How to work with clients with interpersonal dependency and pathological bonding patterns (ID-PDP) within the EMDR-AIP model – 6 EMDR UK Credits
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How to work with clients with interpersonal dependency and pathological bonding patterns (ID-PDP) within the EMDR-AIP model – 6 EMDR UK Credits

Understand and assess interpersonal dependency, and learn specific techniques to treat this condition with Arun Mansukhani.

Holiday Inn, Jesmond, Newcastle Upon Tyne
Full Fee £140.00 (includes lunch and refreshments)
6 EMDR UK Credits

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Initially developed to work with acute trauma and PTSD clients, because of its success, EMDR has been applied to a wider range of pathologies, proving to be successful in many cases and demonstrating that EMDR-AIP is a strong and solid therapeutic model to understand and treat different psychological and emotional disturbances. This also has led to understanding of how pervasive trauma is in a large number of emotional and mental disorders (Ross 2000), and the crucial role played by implicit pathogenic memories in development of psychopathology (Hoffman and Hase, 2012).

These new applications are testing the flexibility and the reach of the standard protocol.   As difficulties start to arise, new specific interventions and different approaches have appeared that are enriching the EMDR-AIP model and its clinical applications.  This has also brought the understanding of what acute trauma shares with other types of trauma (mainly attachment trauma) and in what aspects it is different, forcing us to adapt certain aspects of the standard protocol to patients under whose problems lie attachment trauma implicit memories.  This is especially true for patients with interpersonal dependency and pathological bonding patterns (ID-PBP). These patients often present some of the following problems for a standard intervention:

  1. Phase 1, history taking, is dysregulating and evocative (Steele 2016), destabilizing them at early stages of intervention.
  2. They are not conscious of the situations that caused their current difficulties, due to the attachment blind phenomena (Siegel 2012) and are unable to present potential targets for processing.
  3. They are so absorbed by their present problems and conflicts that processing past targets is nearly impossible.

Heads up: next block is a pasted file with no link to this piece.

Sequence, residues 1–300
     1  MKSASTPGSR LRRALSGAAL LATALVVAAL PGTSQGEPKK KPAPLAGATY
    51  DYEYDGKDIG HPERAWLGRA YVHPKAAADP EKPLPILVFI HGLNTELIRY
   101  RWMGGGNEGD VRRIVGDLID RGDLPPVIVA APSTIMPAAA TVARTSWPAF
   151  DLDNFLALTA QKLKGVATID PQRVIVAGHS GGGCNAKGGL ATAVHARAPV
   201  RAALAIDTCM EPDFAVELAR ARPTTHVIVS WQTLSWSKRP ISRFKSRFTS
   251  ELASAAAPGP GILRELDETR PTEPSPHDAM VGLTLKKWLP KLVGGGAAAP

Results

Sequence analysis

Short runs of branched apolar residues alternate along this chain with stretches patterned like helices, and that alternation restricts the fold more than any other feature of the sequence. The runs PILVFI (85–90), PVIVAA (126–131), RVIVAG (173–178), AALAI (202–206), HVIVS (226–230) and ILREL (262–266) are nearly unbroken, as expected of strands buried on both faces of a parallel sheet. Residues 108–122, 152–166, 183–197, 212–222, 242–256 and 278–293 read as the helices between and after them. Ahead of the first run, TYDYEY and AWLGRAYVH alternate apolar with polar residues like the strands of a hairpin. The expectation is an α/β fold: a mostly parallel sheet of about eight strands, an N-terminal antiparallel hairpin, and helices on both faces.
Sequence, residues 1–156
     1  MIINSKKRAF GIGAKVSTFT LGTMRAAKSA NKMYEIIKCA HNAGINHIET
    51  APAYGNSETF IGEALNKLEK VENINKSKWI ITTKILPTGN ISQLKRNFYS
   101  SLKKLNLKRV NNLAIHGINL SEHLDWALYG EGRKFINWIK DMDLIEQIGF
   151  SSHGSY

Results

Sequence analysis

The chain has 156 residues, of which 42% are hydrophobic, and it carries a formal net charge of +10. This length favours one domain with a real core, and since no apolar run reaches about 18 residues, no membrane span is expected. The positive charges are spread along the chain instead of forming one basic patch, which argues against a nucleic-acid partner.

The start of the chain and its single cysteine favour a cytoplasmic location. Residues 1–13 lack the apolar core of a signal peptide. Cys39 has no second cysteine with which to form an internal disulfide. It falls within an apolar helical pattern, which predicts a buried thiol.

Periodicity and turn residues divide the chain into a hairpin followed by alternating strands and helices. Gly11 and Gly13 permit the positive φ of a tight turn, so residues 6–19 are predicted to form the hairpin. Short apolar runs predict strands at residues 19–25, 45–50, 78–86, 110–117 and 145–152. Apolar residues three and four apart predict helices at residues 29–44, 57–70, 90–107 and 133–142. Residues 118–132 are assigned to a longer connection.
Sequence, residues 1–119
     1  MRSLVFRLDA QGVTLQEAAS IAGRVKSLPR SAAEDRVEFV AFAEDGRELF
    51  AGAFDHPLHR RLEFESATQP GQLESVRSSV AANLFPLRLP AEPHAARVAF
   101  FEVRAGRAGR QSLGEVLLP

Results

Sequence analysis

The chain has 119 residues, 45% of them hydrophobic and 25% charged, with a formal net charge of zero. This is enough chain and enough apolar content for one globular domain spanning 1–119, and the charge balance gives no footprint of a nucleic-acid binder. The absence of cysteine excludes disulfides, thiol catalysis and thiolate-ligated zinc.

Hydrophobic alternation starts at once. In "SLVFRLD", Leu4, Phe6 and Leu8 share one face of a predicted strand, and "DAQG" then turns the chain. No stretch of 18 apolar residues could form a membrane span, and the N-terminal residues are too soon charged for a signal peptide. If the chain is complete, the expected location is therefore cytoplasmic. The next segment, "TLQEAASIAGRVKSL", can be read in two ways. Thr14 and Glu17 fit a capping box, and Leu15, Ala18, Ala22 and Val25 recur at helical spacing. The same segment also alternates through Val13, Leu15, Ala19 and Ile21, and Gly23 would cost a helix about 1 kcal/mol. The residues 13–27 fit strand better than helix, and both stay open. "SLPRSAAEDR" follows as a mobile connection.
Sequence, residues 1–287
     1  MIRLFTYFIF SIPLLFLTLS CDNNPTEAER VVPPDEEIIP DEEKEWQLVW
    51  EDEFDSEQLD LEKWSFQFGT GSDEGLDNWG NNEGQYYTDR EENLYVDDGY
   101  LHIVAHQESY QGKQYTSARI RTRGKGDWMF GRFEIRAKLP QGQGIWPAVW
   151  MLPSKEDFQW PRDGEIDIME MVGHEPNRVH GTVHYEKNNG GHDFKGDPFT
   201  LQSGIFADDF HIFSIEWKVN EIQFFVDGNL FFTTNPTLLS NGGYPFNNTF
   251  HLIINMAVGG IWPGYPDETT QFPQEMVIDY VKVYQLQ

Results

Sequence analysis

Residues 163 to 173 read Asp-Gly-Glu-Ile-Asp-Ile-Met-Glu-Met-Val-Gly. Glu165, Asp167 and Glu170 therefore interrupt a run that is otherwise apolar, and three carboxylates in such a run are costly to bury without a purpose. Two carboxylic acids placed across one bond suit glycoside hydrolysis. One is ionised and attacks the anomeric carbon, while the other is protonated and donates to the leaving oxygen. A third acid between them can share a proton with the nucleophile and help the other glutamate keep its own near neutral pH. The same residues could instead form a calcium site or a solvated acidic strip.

4. They present serious problems with recall of past events, due to dissociative features, defensive states, controlling strategies, etc.
  5. Present highly defensive or destabilized structures, with difficulties maintaining dual focus, being either too much in control or overwhelming.

Due to this, application of EMDR in these patients requires certain modifications in the standard protocol.  These patients also benefit deeply of a growing number of specific interventions within the EMDR-AIP working model.

In this workshop, Arun’s aim is to present a systematic way of working with adult patients suffering from ID-PDP problems as well as to offer a number of specific interventions for this population, always within the EMDR-AIP working model.

 Key Program contents:

  1. Interpersonal Dependency and Pathological Bonding Patterns (ID-PDP) as a major social and clinical problem.
  2. Description, types and subtypes of adult ID-PDP.
  3. Attachment and developmental pathways that lead to ID-PDP in adults. Types of trauma involved.
  4. Precautions that have to be taken in phases 1 and 2 to treat clients with ID-PDP.
  5. Phase 2 specific interventions for ID-PDP.
  6. Modifications and specificities in phases 3 to 6 for processing with these patients.
  7. Causes of blocks in the processing phase and resources that can be used to overcome them.
  8. Alternate EMDR-AIP interventions that can be used, depending on the type of dependency exhibited by the client.

Learning objectives:

  1. Provide information that helps understand and distinguish the different Interpersonal Dependency and Pathological Bonding Patterns (ID-PDP) types and the interactions that frequently lead to conflictive relationships.
  2. Understand the attachment and developmental pathways that lead to ID-PDP problems in adults.
  3. Help integrate the attachment perspective into an EMDR-AIP intervention.
  4. Analyse different aspects that can hinder or block processing with this type of patients and how to work through these problems with specific interventions.
  5. Revise the 5 big groups of patients we can encounter in EMDR and the most appropriate approach for each of them within the EMDR-AIP model.
  6. Discuss the modifications and particularities that we have to take in account in the standard protocol while dealing with IPD patients and specific interventions we can use with these patients.

This workshop is facilitated by Arun Mansukhani.  Delegates will be eligible to receive 6 EMDR UK and Ireland CPD Credits / 6 hours CPD.


This training event will take place at the Holiday Inn Hotel, Jesmond, Newcastle Upon Tyne.

Holiday Inn Newcastle – Jesmond
Jesmond Road
Newcastle Upon Tyne
NE2 1 PR

Please click here for a link to the Directions page on the hotel website.

Covid-19 – The training will take place in a large room with a minimum of at least 1 metre distance between delegates.    The Holiday Inn Jesmond has implemented a number of measures to safeguard the wellbeing of guests and colleagues including deep cleaning with hospital-grade disinfectants, and enhanced procedures, which may include: face covering requirements, various ways to reduce contact throughout the hotel, social distancing measures within public spaces and procedures based on local authorities’ guidance and/or advice.

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Holiday Inn – Jesmond
Holiday Inn - Jesmond, Newcastle Upon Tyne, NE2 1PR United Kingdom

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